Today, E.DSO publishes its Guidance on Distribution Network Tariff Structures. The need to re-think the tariff structures emerges from the energy transition, given the important trends of digitalisation, decarbonisation, and decentralisation. In addition, EU Regulation 2019/943 from the Clean Energy Package also provides requisites for distribution tariffs.
With this document, E.DSO aims to guide National Regulatory Authorities (NRAs), Distribution System Operators (DSOs) and stakeholders in their thinking on future distribution network tariff structures considering potential challenges to the grid. E.DSO experts believe that there is certainly a need for an evolution in tariff structures while acknowledging that there is no ‘one size fits all solution.
E.DSO’s position has always been to recognise that custom-made solutions have the potential to deliver more value than a common European model for distribution network tariffs, considering that national circumstances can differ significantly.
The conclusions outlined in our guidance are:
- Challenges or problems can be a good reason to redesign network tariff structures since with appropriate tariff structures a lot of problems can be prevented.
- One size does not fit all. One common EU model will not help us, nor the customers. The national circumstances are too different.
- Although power is not the only cost driver (time, giving the probability for power to coincide with other powers, is too), the tendency towards more power-based network tariff structures can be understood from the assessment that they reflect network costs and from the possibility to introduce an incentive for customers to distribute consumption over time.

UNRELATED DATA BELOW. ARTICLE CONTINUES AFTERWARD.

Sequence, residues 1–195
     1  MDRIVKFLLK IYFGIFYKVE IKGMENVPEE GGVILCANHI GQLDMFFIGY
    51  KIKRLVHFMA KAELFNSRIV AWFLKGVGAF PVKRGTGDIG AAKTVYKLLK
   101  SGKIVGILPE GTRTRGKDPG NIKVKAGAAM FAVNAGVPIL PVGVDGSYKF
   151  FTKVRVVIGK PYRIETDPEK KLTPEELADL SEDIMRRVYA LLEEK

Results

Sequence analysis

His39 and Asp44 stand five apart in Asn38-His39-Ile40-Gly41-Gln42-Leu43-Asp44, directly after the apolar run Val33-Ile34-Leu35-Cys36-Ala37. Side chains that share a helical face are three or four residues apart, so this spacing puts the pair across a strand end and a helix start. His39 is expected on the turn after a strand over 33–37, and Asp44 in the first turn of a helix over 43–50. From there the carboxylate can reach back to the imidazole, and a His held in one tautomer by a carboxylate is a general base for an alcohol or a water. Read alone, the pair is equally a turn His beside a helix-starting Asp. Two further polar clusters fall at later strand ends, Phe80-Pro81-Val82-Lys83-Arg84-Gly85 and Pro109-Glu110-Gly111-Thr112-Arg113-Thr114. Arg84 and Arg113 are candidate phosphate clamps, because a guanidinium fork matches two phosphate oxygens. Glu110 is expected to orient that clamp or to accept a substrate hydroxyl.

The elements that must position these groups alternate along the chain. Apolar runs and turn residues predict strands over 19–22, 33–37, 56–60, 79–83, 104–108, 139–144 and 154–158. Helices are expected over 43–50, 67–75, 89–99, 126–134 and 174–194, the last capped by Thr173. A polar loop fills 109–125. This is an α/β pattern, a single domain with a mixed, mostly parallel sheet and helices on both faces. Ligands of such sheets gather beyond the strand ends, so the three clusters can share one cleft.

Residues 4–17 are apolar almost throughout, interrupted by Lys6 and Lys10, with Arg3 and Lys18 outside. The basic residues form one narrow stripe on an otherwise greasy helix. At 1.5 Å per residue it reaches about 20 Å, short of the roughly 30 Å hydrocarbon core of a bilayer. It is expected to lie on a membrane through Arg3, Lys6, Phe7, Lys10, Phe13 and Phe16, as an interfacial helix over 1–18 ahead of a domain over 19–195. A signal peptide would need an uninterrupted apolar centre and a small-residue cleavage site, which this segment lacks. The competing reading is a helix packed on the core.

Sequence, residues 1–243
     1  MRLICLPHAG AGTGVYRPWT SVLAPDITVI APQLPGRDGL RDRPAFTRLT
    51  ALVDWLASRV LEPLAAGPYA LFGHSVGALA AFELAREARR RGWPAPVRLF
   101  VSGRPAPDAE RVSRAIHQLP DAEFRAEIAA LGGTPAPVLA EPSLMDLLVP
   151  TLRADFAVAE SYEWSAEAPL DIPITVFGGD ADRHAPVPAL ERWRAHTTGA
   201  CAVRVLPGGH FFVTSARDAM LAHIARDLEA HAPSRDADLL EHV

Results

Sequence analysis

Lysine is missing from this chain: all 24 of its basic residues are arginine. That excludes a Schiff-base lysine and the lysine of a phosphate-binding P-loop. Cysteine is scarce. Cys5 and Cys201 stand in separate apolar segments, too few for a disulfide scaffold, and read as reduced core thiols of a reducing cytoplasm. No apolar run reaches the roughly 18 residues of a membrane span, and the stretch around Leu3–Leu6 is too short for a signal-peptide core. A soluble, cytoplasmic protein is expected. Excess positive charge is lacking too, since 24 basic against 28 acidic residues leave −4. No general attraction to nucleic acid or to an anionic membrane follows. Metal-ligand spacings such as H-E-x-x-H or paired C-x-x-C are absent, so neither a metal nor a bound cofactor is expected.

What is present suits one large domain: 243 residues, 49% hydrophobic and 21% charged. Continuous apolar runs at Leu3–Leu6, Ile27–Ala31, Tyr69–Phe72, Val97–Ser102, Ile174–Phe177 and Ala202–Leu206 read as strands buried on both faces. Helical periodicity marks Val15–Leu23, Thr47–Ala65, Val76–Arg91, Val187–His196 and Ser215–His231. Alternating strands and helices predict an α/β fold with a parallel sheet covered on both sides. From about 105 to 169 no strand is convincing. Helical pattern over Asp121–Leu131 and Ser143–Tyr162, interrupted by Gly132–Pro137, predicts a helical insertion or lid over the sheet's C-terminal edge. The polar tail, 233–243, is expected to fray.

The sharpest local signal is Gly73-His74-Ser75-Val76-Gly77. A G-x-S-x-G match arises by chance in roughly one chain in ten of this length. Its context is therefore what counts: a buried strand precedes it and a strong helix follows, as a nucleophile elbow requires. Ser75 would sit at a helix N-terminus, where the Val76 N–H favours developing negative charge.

- Since power generation is shifting strongly towards renewables and renewables are following solar and wind, instead of demand, production will not be steered by customers anymore. So, the logic that only consumers pay for the network (because they are steering production) is no longer valid. The new logic is producers (renewable as well as conventional) should pay for the distribution network availability as well and be incentivised to efficient location and usage.
- Incentives for efficient network usage are important, not only to prevent unnecessary reinforcements but also to buy time for the necessary reinforcements. Applying appropriate incentives can offer good opportunities for customers to keep their bills low.
- Network tariffs have no relation to market prices. Sometimes they can even be conflicting with each other. This should be assessed as a necessity, not as a problem.
- P2P energy exchange is between market parties, and customers, of which one of them is acting as a supplier. The DSO is not involved. There is no reason to consider this P2P exchange as a special case when applying network tariffs.
- Concerning tariffs, P2P only have significance when behind one single connection to the grid. In all other situations, without such a single connection, the regular tariffs have to be applied to each individually connected customer.
- Tariffs should be independent of suppliers, but also from the applications behind the meter. Special tariffs for special purposes do not make sense.
To read the guidance in detail, please download the full version.